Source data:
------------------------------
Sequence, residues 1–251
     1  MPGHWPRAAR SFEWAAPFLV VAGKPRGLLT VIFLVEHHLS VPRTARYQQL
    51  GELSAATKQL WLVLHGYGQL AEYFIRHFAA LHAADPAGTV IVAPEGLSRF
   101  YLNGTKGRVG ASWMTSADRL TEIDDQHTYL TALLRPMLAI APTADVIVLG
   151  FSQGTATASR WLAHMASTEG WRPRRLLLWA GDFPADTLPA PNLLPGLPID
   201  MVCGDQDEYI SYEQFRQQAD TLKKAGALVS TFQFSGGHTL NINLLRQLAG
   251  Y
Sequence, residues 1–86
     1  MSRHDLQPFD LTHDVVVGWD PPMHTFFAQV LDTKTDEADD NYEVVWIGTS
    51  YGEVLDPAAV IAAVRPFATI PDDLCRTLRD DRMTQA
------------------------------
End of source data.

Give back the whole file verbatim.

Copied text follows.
Sequence, residues 1–251
     1  MPGHWPRAAR SFEWAAPFLV VAGKPRGLLT VIFLVEHHLS VPRTARYQQL
    51  GELSAATKQL WLVLHGYGQL AEYFIRHFAA LHAADPAGTV IVAPEGLSRF
   101  YLNGTKGRVG ASWMTSADRL TEIDDQHTYL TALLRPMLAI APTADVIVLG
   151  FSQGTATASR WLAHMASTEG WRPRRLLLWA GDFPADTLPA PNLLPGLPID
   201  MVCGDQDEYI SYEQFRQQAD TLKKAGALVS TFQFSGGHTL NINLLRQLAG
   251  Y
Sequence, residues 1–86
     1  MSRHDLQPFD LTHDVVVGWD PPMHTFFAQV LDTKTDEADD NYEVVWIGTS
    51  YGEVLDPAAV IAAVRPFATI PDDLCRTLRD DRMTQA